I’m a programmer, so building things isn’t always difficult. Last year I built a script to watch the craigslist free section for new items, a daily inspirational quote site, messed around a lot with screen scraping, and started a whole slew of unfinished Django projects. I’ve spent probably the most time thinking about, researching, and coding a rough version of a video training site–like CardRunners.com, but I plan to target video games.

As usual, though, my steam has run out for most of those. I don’t craigslist much anymore, I frequently quit updating the quote site, and I still haven’t shipped a MVP for the video training site–probably because I don’t want to “run the business” for it.

I’m quite ready to build some kind of app or SaaS product that is fun, has a lot of areas to explore programatically, and is built on a profit model. I just haven’t figured out what it is yet!

For good measure, I’ll add a few more:

  • Turn off distractions
  • Buy new jeans
  • Write 500 words per day
  • Polish
  • Meet people
  • Compliment people who deserve it, strangers or otherwise

“Polish” probably could use some explaining. I want to “polish” my little projects. Instead of a craigslist script, I should have a little craigslist program with a GUI and some options, and I want my web-apps to look nice–even if that means hiring a designer.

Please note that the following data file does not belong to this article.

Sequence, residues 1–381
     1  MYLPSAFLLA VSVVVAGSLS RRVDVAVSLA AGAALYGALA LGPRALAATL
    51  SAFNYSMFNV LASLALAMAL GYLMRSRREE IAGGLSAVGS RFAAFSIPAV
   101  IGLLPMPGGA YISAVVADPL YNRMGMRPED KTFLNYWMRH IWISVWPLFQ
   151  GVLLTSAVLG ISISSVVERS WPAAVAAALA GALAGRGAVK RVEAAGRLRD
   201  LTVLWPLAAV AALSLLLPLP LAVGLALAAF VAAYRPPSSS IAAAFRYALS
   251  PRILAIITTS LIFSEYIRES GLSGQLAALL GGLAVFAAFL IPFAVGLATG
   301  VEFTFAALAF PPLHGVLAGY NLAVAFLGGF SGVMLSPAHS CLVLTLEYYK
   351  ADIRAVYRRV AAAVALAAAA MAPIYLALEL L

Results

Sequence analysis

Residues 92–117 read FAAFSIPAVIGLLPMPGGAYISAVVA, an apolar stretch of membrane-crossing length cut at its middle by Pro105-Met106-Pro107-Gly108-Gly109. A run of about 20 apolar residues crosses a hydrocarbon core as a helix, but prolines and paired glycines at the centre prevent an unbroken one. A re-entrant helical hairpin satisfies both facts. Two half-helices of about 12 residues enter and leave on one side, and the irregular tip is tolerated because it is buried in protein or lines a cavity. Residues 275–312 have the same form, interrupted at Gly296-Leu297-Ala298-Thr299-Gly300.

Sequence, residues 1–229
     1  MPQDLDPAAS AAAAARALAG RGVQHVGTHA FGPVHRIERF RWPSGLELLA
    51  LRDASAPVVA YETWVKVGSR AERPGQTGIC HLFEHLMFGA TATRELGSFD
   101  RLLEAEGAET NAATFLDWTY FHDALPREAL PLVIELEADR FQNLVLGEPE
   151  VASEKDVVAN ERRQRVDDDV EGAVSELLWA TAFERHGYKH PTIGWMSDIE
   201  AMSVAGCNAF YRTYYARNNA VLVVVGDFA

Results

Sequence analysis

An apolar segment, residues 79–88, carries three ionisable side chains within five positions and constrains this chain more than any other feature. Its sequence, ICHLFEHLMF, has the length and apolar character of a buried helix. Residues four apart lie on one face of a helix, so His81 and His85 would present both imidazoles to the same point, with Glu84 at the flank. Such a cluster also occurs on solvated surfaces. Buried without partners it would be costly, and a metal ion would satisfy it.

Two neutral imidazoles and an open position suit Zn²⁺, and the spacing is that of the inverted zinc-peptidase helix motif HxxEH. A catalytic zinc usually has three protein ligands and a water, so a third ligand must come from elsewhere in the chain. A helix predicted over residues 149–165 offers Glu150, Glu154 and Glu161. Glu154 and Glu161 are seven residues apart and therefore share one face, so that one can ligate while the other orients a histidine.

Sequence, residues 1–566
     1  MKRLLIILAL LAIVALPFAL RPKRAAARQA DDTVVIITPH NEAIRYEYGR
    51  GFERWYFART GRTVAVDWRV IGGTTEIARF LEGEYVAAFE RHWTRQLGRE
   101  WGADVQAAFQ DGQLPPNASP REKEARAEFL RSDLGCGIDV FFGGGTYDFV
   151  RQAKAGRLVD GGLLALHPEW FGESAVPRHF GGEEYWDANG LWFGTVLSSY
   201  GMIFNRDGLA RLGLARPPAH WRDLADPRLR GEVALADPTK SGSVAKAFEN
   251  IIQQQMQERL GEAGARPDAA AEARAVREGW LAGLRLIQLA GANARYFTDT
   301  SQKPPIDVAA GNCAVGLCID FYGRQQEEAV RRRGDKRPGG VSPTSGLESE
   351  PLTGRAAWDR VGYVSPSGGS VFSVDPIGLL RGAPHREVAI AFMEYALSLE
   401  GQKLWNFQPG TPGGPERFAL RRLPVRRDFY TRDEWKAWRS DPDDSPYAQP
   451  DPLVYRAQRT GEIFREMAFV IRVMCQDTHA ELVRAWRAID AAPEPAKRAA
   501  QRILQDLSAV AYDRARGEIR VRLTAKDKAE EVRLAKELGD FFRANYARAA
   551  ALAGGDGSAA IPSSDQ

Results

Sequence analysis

And as for “meet people,” it goes without saying that I will meet some people, however I’d like to make a conscious, concerted effort to expand my “people” list a little.

Prediction: 2013 is going to be a year I look back on with pride. No unfathomable mistakes, less slacking, more enjoying, better people.


Pointing Dreamhost DNS to Heroku

I had a domain ( WitDaily.com ) hosted at Dreamhost that I decided to move to Heroku. (I still think Dreamhost is great, though!)

It took me a while to figure out what to do with my DNS records. Heroku has a walkthrough for Custom Domains on their service. It’s pretty straightforward, but I ran into a small hang-up trying to set my DNS over at Dreamhost: they had “non-editable” records for a ton of stuff–a bunch of subdomains, plus an A-record.

The fix? Go to “Edit” in the domain management / hosting area, and go from something like “fully hosted” to “DNS only.” At that point, all the records are editable.


June 7th

You can’t just say you’re something–you have to be the something to actually claim it. Me–I’m going to quit telling people what I am.

Happy birthday, Mom.


Rain Is Just an Excuse

Out for a run today, I could tell it was going to rain as I finished the 1.2 mile loop. My goal is to run a little farther each run than I did the run before it. On my last run I had gone about 1.6 miles.

But the rain…

And then I realized the rain was just an excuse.

And ran 2.4 miles instead. And then biked 2.4 miles. All in the rain.

There’s an excuse to quit or not do basically everything you’ll ever have an opportunity at. Just do it.